VarioLED Flex VENUS is a high quality, opal encapsulated, IP67/IP68 protected flexible LED design light line. It is above all the astonishing uniformity of the light in combination with a small cross section and a high degree of flexibility that characterizes the VENUS and makes it an appealing and innovative product. In principle, a semi-finished product in terms of design, and yet it is without doubt a finished luminaire. And it is precisely this characteristic that accounts for its fascination. It is available in two versions with different bending characteristics. The Top View (TV) is vertically bendable and comes with a cross section of 16 mm x 15 mm. The Side View (SV) is horizontally bendable and comes with

a cross section of 10 mm x 20.5 mm. Depending on the version it can be delivered in lengths of multiples of 62.5 mm or 125 mm and with a maximum length of 7,540 mm. In short, a flexible neon tube with outstanding touch, look, feel and technical lighting properties. Products of the VENUS family provides a lamp life time up to 53,000 hours, glare and dot free LED illumination and a color rendering (CRI) of 85. The product comes in various color temperatures of 2,400 K, 2,700 K, 3,000 K, 3,500 K, 4,000 K, 5,000 K, red, yellow, blue, green and RGB as well as IQ White. VENUS can be used for manifold in- and outdoor applications, from furniture design to facade illumination.


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SECOND PLACE: TRICK - IGUZZINI

THIRD PLACE: LD56 – LIGHTGRAPHIX

Product: Trick Manufacturer: iGuzzini

Product: LD56 Manufacturer: LightGraphix

Trick is magic, is the design of light. It is an illusion, a trick, an expedient: light is there, but the miniaturised luminaire disappears in the luminous design. Trick is a button-object, an LED capable of generating spectacular geometrical effects, with a well defined and punctual shape: circles, concentrated lines, decorative graphic elements in numberless combinations, as well as grazing light effects. The fitting is a point capable of defining and personalising space, giving rhythm and creating design sets. Three bodies are available: small 45mm, medium 90mm, and large 160mm. Trick has been created in blade of light, wall washer and radial versions to create 8 different luminous effects: it is one of the most complete systems available on the market. It can be installed on surfaces or recessed, putting together multiple luminaires to combine different effects, all characterized by high luminous uniformity. The numberless luminous drawings that can be created with Trick include graphic patterns and decorations.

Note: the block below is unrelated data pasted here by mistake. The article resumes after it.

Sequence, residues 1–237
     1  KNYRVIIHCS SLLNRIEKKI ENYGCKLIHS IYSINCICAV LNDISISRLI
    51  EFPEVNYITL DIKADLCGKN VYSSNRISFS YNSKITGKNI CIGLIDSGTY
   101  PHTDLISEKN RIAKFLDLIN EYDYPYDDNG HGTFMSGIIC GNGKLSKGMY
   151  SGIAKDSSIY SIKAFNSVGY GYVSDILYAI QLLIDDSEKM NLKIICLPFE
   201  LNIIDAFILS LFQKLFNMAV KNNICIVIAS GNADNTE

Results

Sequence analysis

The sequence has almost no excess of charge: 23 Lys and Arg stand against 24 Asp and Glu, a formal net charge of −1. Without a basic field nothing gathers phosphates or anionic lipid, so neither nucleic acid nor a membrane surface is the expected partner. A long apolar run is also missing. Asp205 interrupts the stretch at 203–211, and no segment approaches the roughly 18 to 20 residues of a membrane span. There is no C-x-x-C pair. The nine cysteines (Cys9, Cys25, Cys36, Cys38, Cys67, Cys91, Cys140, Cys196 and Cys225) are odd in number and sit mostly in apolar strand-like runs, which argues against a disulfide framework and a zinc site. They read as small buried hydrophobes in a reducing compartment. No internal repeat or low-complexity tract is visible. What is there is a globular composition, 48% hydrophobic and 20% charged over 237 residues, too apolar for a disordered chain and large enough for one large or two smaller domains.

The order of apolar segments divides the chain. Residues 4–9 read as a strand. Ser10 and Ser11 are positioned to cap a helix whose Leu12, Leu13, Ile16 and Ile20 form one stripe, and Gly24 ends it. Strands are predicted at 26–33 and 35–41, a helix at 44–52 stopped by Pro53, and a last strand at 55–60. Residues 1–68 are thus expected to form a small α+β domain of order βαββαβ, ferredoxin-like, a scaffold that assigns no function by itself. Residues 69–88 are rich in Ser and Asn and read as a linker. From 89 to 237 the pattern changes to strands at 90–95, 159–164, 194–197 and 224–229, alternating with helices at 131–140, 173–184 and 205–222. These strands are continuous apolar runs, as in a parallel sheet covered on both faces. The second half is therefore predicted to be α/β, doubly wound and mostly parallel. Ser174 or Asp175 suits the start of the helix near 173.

Designers’ favourite the LD56 is fitted with the latest LED technology with a typical CRI of 93 in warm white. The LED is set back and the inside is anodized black to achieve reduced glare.High efficiency optics, designed specifically for LightGraphix, guarantee exceptional beam spread and shape; with four different beam angles available. The LD56 is an extremely durable fitting incorporating a machined 316 stainless steel bezel, a hard anodised aluminium body and 5mm thick borofloat glass. Alternative bezel finishes include solid bronze and powder coated. With no visible fixings this versatile little light fitting is suitable for use as both an uplighter and downlighter, and is ideal for a wide range of applications including wall washing and step and pathway illumination. Sealed to IP68 the LD56 features an integral anti-wicking barrier to increase protection against moisture ingress due to incorrect IP rated cable connections.


Best Interior Architectural Lighting Product

WINNER

LASER BLADE - IGUZZINI Product: Laser Blade Location: iGuzzini

Laser Blade revolutionises the concept of the downlight. The product with miniaturised optic, providing high visual comfort, uses the physical principle of pinpoint lamps, generating circular light emission. No more rigid frameworks, but instead ample opportunities for customisation. Innovative in its simplicity, Laser Blade is the result of an integrated process involving various disciplines: the science of lighting, technology, design and culture. The system is a multiple, flexible, universal tool. Laser Blade has received prestigious international awards. A classic circular downlight forms a point in space. Laser Blade, with its linear geometry, forms a segment, a